We are tremendously grateful to these wonderful supporters for showing so much confidence in our work. The kindness of our new philanthropic partners will help us reach more students and put more young people onto the path to college.
Our Program: Summer Session 2010
Literature, Lab Reports…and Laughter!
On July 31st, students, teachers, parents and Breakthrough supporters celebrated the successful conclusion of this year’s summer program at Hillbrook School. Almost 100 middle-schoolers were taught by 26 teachers from institutions as far away as the University of Pennsylvania and as close as Stanford. Students chose from 25 elective courses and took classes that ranged from US History to Mock Trial, and Poetry to Public Speaking – in addition to mandatory core courses in math, literature, and science.
The elective courses are created by the teachers each summer, drawing on their personal skills and interests. Trung Nguyen, a junior at UCLA and a native of Vietnam, taught French and French Culture. By the end of the summer, his students were testing the knowledge they acquired, and their presentation skills by teaching simple conversations to other teachers and students.
Jennifer, in her first summer at Breakthrough, took Mock Trial, Sports in Literature, and Paper Arts, in addition to her core classes. She enjoyed reading about the way different sports are presented in fiction, but her particular favorite turned out to be Mock Trial. “First we worked on a skit for practice,” she explained, “and then we put on a mock trial in front of the other students. I was the defendant’s attorney. It was fun, but I’m not sure I want to be an attorney when I grow up. But Breakthrough might help me decide!”
During the summer, Breakthrough helped students consider a variety of careers by giving them opportunities to interact with Silicon Valley professionals and companies. On July 7th, the girls in the program attended a special luncheon with 25 women working in science, engineering and technology. Our guests represented a wide range of Silicon Valley employers, including Google, HP, Fujitsu, Oracle, Cisco, NASA-Ames, the US Geological Survey, and a number of local startups. We were also joined by professors from San Francisco State, Cal State University-East Bay and Stanford. The day was a unique chance for the girls to hear about what it’s really like to be a woman working in science.
The following week, Breakthrough hosted its annual Career Speakers Day. Sixteen speakers talked with small groups of students about their work and lives. Fernando, a 7th grader, was lucky enough to chat with Bill Kindricks about being a professional football player! Two days later, the students left campus to travel to a variety of companies. Jennifer visited Google, where she met with one of the company lawyers, ate lunch in the dining hall, and learned how to create an ad for Google. Kevin, an 8th grader, went to Yahoo! where his group met engineers and toured the server room. Over lunch, Kevin and his classmates were paired up with a Yahoo! staff member, so they could have a smaller conversation. Kevin said, “It boosted my ideas about engineering. The speaker gave me more of an idea of what engineering is and what I could do.” For many of the students, it was the first time they had set foot in a high tech working environment.
Ask a Breakthrough student if there is any downside to the summer program and they’ll almost unanimously say, “The homework!” But one thing they all comment on is the support provided by their teachers. Kevin said, “Sometimes it’s hard, really tough. I spend a lot of time on it but, if I don’t get it, I can email the teacher. They give you their email addresses because they want you to ask for help if you don’t understand. It’s really good.”
The summer wasn’t all homework though. Students took field trips to San Francisco and Stanford University; enjoyed afternoons at the pool; and participated in skits, games, and arts and crafts. One highlight of the summer was the Olympics, where students split up into “crews” to battle for honors. It’s competitive, but it’s always fun. Kevin said it was the most memorable day of the whole summer for him, even though his crew didn’t win. “It makes us united. We have our cheers and our songs. It doesn’t matter if you win or lose. It’s all about the unity. It was a blast!”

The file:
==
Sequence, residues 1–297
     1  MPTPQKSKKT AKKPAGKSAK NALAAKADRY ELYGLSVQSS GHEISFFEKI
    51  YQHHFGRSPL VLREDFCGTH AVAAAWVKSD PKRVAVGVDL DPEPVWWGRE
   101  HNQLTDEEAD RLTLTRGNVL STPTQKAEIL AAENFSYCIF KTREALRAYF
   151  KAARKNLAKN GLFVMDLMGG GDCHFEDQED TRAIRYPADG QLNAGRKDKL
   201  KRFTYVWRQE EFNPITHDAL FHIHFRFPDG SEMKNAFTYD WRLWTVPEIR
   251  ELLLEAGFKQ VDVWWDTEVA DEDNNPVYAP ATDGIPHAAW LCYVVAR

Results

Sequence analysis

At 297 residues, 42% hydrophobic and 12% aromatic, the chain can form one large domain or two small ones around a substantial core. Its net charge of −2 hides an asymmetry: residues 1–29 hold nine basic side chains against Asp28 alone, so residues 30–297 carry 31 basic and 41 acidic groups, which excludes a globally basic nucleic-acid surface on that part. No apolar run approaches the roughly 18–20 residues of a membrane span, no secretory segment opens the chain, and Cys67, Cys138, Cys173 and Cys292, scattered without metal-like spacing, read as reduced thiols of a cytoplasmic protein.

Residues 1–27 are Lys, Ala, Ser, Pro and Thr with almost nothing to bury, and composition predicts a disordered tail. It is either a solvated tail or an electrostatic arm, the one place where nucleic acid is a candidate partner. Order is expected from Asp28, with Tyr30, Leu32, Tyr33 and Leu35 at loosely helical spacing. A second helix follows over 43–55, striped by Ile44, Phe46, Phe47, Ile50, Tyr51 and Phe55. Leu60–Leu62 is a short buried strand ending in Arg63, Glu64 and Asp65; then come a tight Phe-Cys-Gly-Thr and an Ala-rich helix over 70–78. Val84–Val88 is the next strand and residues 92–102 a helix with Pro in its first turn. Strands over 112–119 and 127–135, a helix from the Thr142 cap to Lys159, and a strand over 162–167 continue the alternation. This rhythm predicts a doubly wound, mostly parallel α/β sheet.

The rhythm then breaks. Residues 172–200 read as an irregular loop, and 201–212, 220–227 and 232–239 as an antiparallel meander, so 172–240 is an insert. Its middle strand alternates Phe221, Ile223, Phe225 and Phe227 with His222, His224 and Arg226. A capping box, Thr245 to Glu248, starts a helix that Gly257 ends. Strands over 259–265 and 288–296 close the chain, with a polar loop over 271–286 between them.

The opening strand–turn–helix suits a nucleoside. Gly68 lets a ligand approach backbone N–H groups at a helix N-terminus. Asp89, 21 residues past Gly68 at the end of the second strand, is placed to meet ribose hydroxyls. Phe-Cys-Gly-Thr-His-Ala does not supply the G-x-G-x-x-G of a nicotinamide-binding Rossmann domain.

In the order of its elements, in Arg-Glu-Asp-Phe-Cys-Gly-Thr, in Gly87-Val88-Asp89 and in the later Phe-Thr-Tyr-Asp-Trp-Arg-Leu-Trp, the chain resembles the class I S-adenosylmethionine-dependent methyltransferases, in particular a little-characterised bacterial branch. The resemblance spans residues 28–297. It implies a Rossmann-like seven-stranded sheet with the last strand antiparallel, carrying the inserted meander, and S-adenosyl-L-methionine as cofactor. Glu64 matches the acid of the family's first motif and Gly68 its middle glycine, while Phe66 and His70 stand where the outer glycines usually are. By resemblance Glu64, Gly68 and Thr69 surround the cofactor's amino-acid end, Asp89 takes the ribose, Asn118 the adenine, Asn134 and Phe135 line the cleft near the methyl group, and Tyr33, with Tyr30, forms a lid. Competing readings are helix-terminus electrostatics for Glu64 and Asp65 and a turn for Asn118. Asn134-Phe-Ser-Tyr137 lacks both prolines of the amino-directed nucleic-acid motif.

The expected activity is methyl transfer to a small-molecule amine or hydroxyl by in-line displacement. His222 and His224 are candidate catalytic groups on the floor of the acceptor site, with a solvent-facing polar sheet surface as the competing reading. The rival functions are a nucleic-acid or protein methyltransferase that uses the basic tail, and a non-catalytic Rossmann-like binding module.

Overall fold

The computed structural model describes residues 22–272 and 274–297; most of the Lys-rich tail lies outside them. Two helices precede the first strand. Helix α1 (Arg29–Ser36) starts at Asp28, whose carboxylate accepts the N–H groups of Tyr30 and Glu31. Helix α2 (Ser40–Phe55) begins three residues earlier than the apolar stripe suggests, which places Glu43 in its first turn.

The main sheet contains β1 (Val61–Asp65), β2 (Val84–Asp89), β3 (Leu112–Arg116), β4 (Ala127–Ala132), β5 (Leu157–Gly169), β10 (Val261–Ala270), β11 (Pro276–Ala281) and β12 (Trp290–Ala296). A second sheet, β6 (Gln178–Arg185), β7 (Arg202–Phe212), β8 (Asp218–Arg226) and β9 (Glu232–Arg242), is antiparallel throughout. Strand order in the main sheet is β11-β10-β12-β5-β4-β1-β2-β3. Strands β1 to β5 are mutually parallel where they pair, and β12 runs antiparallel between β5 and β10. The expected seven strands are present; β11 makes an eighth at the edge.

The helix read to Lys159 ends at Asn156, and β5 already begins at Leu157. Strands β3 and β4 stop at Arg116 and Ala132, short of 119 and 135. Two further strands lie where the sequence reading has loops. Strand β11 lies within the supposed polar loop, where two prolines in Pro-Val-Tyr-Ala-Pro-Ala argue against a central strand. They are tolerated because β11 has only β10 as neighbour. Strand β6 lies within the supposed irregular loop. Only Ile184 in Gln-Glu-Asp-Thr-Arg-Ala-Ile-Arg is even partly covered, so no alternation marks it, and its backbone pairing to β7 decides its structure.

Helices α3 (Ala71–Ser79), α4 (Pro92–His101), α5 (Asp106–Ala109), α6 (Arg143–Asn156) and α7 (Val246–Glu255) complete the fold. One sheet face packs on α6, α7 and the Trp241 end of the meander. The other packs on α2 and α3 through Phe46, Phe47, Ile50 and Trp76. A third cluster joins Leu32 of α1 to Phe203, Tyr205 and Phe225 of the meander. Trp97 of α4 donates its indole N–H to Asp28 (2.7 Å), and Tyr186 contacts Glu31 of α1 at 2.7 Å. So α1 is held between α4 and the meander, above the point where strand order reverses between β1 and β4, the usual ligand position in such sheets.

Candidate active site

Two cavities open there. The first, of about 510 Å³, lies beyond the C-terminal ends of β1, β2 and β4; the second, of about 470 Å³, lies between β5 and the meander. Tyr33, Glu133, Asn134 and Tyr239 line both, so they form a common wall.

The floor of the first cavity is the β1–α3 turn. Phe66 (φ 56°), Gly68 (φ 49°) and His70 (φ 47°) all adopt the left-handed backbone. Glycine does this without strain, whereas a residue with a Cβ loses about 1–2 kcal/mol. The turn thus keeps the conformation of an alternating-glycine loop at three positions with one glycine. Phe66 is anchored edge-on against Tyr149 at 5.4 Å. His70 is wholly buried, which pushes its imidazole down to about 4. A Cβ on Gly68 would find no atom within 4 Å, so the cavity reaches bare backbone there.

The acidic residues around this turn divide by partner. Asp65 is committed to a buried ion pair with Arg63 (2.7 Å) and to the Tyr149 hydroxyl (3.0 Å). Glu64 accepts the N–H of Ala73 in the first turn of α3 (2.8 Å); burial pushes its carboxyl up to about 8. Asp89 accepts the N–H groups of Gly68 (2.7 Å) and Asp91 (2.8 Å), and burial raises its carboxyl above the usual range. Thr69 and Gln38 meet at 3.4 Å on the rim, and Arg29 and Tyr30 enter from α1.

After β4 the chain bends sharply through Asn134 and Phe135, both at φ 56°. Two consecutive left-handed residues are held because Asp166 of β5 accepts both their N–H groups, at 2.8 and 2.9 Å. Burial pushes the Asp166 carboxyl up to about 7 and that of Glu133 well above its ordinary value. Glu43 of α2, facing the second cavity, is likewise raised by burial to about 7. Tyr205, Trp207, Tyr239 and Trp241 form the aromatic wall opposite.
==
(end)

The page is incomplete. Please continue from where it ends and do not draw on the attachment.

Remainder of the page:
Summer at Breakthrough is designed to make learning engaging and fun but, more than that, it prepares kids for the coming school year. Tania Wilcox, BSV’s executive director, commented: “We know from research that there’s a lot of learning loss over the ten or twelve weeks of the summer. Breakthrough makes sure the kids don’t have any of that summer learning loss. We also accelerate them in their academic skills. What makes us special is that all the teaching is done by high school and college students. These young teachers can engage the students at an intellectual level in a way that is quite different to what we expect from other teachers.”
Students agreed with Tania’s observation. Kelly, a rising 9th grader heading to Gunderson High School said “The teachers here are really amazing. They know how to make a connection with you, and once you have that connection it’s easier to learn from them.” Jennifer added: “It’s awesome having younger teachers!”
by Jordan Aspiras, 8th grader
“ALL!!— SCHOOL!!! —MEETING!!!!” students yell enthusiastically every morning at the start of this spirited twenty minute school meeting. All School Meeting (ASM) is a time when students gather to listen to school announcements and watch crews perform skits. From Mundial Mondays to Fun Fridays, each day of the week at ASM has a theme, and is an opportunity to practice presentation skills, build public speaking confidence, showcase talents, and build vocabulary.
Mundial Mondays are days about different cultures. Monday skits typically involve crews acting out various adventures in new and far off locations around the world. Talent Tuesdays are an opportunity for students and teachers perform their talent in front of an audience. From singing to dancing, students perform a variety of talents each Tuesday.
Word Wednesdays are days where a word that we don’t know is used in a skit. “This Thursday” is the day where skits about current news events are performed. For example, crews performing on “This is Thursday” typically design skits with weather segments and feature news anchors who deliver segments of the news. Finally, the last ASM of the week is known as Fun Friday. Fridays are days in which crews plan many fun activities such as brain-teasers.
ASM gets everyone excited for the rest of the day. “The purpose of ASM is to gather the Breakthrough family and share many great moments together, whether it’s a Talent Tuesday or crew skits,” Denisse Oceguera, a rising eighth grader, said.
Jordan Aspiras spent part of her summer learning about journalism from her teacher, Audrey Frey, a sophomore at UC Berkeley. We’re delighted to share her work with you.